DIY & CRAFTS

Eco-Crafts: How to Grow Your Own Rosemary Herb Pot in an Apartment?

Let’s face it: Fresh herbs in Singapore is expensive. Go to any supermarket and you will find a handful of rosemary will set you back $5. And they don’t last for very long.

I am no green thumb. Most plants under my care struggle to survive past four weeks. But out of pure dollar savings, I started experimenting with my own condo-living herb garden. Most have died a miserable death.

The one I found easiest to grow and most hardy (it has got to be if its under my care) is rosemary. Rosemary is great in pastas, and often paired with red meats like lamb, beef and pork. Lots of roast chicken recipes use rosemary as well.

Rosemary’s anti-inflammatory properties have been used as a natural remedy for many years to treat digestive ailments, arthritis, joint and muscle pains. Today, researchers have found that rosemary contain neuroprotective properties that protect brain tissue against degeneration that can lead to Alzheimer’s and memory loss. 

Here is how you can grow your own rosemary herb in your condo apartment.

Step 1: Get a large deep flowering pot

Make sure the pot has a small hole at the bottom for drainage. If your pot doesn’t have a hole at the bottom, bring it to your nearest nursery and ask them to help you drill one. Caution: If drilled too quick, it may crack the base of your red clay terra cotta pot.

Also, make sure you have a plastic dish or tray under your flower pot to catch any drained water from spilling unto your floors. For better drainage, place some large rocks at the bottom of the pot before you fill it with soil. 

Step 2: Make a trip down to a nursery

Choose a nice bushy pot of rosemary. Make sure the leaves are green and healthy looking without any dried brown bits at the tips of the leaves. Also, look at the stem and where the leaves connect, it should be clear and no trace of white spots (plant bugs).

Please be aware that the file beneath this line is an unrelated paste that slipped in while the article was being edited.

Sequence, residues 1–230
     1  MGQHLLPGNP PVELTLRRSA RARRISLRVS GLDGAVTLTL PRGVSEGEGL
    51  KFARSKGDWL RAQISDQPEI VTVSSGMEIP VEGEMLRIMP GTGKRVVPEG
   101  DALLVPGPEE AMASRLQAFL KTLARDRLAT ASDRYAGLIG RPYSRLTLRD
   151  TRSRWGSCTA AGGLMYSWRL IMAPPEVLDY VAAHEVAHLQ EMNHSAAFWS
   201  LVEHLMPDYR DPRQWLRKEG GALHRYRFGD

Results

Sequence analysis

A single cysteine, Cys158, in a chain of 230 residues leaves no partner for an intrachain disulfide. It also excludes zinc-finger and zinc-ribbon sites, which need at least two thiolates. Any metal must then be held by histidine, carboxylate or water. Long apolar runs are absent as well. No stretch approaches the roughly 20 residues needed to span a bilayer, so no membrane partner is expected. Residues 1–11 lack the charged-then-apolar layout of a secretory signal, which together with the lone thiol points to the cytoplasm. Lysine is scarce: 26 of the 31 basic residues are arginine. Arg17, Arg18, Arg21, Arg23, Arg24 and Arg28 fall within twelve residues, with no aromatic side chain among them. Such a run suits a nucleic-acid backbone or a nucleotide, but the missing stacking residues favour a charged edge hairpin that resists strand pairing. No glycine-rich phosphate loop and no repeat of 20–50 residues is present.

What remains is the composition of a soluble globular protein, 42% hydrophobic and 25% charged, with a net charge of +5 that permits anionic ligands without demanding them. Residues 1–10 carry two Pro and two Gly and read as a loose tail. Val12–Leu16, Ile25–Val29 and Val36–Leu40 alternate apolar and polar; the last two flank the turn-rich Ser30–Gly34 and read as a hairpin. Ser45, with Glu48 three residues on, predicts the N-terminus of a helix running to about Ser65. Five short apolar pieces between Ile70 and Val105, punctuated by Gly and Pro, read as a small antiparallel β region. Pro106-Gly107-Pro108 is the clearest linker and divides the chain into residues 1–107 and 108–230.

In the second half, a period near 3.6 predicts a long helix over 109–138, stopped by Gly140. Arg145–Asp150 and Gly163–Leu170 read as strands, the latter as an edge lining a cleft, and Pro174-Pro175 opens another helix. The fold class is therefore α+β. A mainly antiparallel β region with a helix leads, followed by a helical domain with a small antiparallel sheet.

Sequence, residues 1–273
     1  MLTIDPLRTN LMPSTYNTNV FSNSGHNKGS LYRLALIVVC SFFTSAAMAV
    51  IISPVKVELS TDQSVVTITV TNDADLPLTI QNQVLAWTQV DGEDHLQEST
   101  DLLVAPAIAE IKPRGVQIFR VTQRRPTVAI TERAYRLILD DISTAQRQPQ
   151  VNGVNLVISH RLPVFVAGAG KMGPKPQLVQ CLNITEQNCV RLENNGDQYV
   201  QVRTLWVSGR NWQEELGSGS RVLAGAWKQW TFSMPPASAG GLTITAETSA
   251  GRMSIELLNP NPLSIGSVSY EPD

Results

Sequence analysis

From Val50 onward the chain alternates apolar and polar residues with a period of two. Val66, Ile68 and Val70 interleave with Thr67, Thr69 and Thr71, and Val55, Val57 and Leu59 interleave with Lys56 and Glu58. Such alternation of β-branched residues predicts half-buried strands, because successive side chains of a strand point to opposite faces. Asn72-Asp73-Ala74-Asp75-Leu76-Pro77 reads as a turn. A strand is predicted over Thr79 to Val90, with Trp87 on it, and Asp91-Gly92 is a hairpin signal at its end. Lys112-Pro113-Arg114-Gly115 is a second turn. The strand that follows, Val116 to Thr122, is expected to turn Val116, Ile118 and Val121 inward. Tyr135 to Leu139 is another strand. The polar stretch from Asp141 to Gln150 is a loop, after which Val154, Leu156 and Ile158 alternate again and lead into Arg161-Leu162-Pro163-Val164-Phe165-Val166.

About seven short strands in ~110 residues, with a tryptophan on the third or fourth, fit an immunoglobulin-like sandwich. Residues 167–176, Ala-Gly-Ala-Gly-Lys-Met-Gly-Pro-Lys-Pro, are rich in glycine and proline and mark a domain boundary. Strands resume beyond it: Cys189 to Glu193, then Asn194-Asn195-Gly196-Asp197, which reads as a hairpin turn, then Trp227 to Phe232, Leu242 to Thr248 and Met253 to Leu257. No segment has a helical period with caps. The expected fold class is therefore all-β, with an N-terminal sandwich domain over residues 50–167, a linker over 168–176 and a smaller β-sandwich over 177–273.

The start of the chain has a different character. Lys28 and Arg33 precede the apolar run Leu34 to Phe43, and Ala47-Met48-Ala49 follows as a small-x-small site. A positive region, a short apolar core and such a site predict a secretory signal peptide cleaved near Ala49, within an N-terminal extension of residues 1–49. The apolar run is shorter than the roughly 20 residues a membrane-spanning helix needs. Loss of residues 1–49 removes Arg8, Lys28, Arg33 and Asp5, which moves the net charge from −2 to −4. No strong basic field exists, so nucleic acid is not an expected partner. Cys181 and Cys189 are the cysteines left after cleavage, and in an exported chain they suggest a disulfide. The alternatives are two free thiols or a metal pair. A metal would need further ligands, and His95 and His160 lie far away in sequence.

Step 3: Get a bag of potting soil

 This is the part where a lot of people get it wrong. Even me. There are lots of different kind of soil to choose from and soil selection is critical to plant health. Choosing the right soil provides your herbs with the right drainage, soil consistency, and nutrient and water retention. Choose a medium-weight potting soil premixed with fertilizer. This will not only help the soil drain water when exposed in the sun for long periods, it will provide the necessarily nutrients to your rosemary plant for healthy growth.

Step 4: Pot the rosemary
Fill about 3/4 of your pot up with soil. Sprinkle the soil with water and mix it around to moisten the soil bedding evenly. It should have a loose muddy feel. Then, use your hands to dig down the center of the pot to create a sunken bed and transfer your rosemary to your pot. Once you have done that, layer about 1 inch of soil at the top of the exposed rosemary’s root base. Pat the soil down to pack it firmly to the rosemary.

Step 5: Find a sun-filled spot for your pot

Rosemary loves sunshine. Apartment condo living has great sun lit spots like along a window sill, on a outdoor balcony or even a kitchen counter with an open window. One good thing about rosemary is that it does not require a lot of watering.

Special note on growing rosemary: It loves rain too. Rainwater is mildly acidic with low alkalinity making it easier for your rosemary to absorb nutirents from the soil, and promotes the soil’s micro-organism activity. Alkalinity from rainwater makes rosemary more fragrant as well. Having said that, do not over-water. Rosemary plant can suffer from root rot, so make sure you have good drainage in your pot and stick to the average level of watering to wet the soil.

Happy potting!

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